Ms. Eaton witnessed Mr. Barbian modify the Hocking County computer vote tabulator before the announcement of the Ohio recount. She further witnessed Barbian, upon the announcement that the Hocking County precinct was planned to be the subject of the initial Ohio test recount, make further alterations based on his knowledge of that information. She also has firsthand knowledge that Barbian advised election officials how to manipulate voting machinery to ensure that a preliminary hand recount matched the machine count.386
According to the affidavit, the Triad official sought access to the voting machinery based on the apparent pretext that he wanted to review some “legal questions” Ohio voting officials might receive as part of the recount process. At several times during his interaction with Hocking County voting machines, Mr. Barbian telephoned into Triad’s offices to obtain programming information relating to the machinery and the precinct in question. It is now known that Triad officials have intervened in other counties in Ohio - Greene and Monroe, and perhaps others.
In fact, Mr. Barbian himself has admitted to altering tabulating software in Hocking, Lorain, Muskingum, Clark, Harrison and Guernsey counties.387 Todd Rapp, President of Triad, also has confirmed that these sorts of changes are standard procedure for his company.388 First, during an interview, film maker Lynda Byrket asked Barbian, “you were just trying to help them so that they wouldn’t have to do a full recount of the county, to try to avoid that?” Mr. Barbian answered, “Right.” She further inquired: “did any of your counties have to do a full recount?” Mr. Barbian replied, “Not that I’m aware of.”
Second, it appears that Mr. Barbian’s activities were not the actions of a rogue computer programmer but the official policy of Triad. Rapp explained during a Hocking County Board of Elections meeting: “The purpose was to train people on how to conduct their jobs and to help them identify problems when they conducted the recount. If they could not hand count the ballots correctly, they would know what they needed to look for in that hand count.”389
Barbian noted that he had “provided [other counties] reports so they could review the information on their own.”390 As one observer asked, “Why do you feel it was necessary to point out to a team counting ballots the number of overvotes and undervotes when the purpose of the team is to in fact locate those votes and judge them?”391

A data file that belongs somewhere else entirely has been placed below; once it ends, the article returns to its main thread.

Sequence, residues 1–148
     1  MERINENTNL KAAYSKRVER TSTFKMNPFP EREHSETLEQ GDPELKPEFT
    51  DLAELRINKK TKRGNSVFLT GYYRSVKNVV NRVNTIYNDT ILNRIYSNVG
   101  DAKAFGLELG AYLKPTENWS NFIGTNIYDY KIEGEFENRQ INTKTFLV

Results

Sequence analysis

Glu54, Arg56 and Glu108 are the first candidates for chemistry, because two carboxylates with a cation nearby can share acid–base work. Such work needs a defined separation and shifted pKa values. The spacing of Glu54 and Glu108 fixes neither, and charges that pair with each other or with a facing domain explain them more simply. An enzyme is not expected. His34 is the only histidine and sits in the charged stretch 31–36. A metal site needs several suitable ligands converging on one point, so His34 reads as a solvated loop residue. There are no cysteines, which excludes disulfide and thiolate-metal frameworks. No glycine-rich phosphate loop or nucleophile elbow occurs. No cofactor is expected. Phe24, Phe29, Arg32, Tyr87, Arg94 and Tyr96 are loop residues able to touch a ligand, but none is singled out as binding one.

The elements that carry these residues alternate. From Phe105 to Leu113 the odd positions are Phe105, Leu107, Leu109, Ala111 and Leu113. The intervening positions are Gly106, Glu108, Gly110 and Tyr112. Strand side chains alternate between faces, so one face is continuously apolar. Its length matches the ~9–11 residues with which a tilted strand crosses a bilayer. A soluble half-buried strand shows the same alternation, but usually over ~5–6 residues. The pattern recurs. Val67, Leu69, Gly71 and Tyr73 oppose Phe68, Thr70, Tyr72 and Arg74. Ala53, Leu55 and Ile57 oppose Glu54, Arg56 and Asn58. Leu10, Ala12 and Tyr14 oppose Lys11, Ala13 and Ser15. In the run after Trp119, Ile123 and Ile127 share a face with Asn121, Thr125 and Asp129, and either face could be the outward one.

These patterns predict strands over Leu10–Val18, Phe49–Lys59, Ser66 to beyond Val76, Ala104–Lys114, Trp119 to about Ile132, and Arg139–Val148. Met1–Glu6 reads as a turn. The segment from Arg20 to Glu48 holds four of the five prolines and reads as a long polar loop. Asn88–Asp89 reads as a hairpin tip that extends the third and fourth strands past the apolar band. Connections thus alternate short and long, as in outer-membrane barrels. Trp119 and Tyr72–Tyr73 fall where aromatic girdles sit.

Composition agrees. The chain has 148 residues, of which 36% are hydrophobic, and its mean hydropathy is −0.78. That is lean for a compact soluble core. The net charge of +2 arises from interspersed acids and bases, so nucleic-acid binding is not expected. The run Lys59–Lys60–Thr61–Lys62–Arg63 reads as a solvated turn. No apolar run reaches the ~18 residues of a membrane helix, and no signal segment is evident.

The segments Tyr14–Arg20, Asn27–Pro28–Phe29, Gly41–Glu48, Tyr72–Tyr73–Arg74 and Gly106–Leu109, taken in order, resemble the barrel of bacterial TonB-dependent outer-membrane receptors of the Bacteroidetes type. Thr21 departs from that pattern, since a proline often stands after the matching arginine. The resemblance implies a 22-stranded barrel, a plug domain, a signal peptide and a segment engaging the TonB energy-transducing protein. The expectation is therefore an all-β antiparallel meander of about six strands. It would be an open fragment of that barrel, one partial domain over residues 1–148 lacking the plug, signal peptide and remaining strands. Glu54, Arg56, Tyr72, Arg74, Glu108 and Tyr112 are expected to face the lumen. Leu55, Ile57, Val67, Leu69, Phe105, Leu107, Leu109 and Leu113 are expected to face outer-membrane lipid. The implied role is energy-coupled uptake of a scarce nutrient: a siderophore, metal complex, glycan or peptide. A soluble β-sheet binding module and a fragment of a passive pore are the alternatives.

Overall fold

Barbian’s response was, “...it’s just human error. The machine count is right...We’re trying to give them as much information to help them out.”392 In addition, Douglas W. Jones, a computer election expert from the University of Iowa, reviewed the Eaton Affidavit and concluded that it described behavior that was dangerous and unnecessary: I have reviewed the Affidavit of Sherole L. Eaton (“the Eaton Affidavit”), the Deputy Director of the Hocking County Board of Election, as well as the letter of Congressman John Conyers to Kevin Brock, Special Agent in Charge with the FBI in Cincinnati, Ohio. In light of this information, and given my expertise and research on voting technology issues and the integrity of ballot counting systems, it is my professional opinion that the incident in Hocking County, Ohio, threatens the ability of the presidential candidates, their witnesses, and the counter-plaintiffs in the above-captioned action, to properly analyze, inspect, and assess the ballots and the related voting data from the 2004 presidential election in Ohio. It is my understanding that 41 of Ohio’s 88 counties use Triad voting machines. As a result, the incident in Hocking County could compromise the statewide recount, and undermine the public’s trust in the credibility and accuracy of the recount.393
We have received several additional reports of machine irregularities involving several other counties serviced by Triad,394 including a report that Triad was able to alter election software by remote access:
• In Union County, the hard drive on the vote tabulation machine, a Triad machine, had failed after the election and had been replaced. The old hard drive was returned to the Union County Board of Elections in response to a subpoena.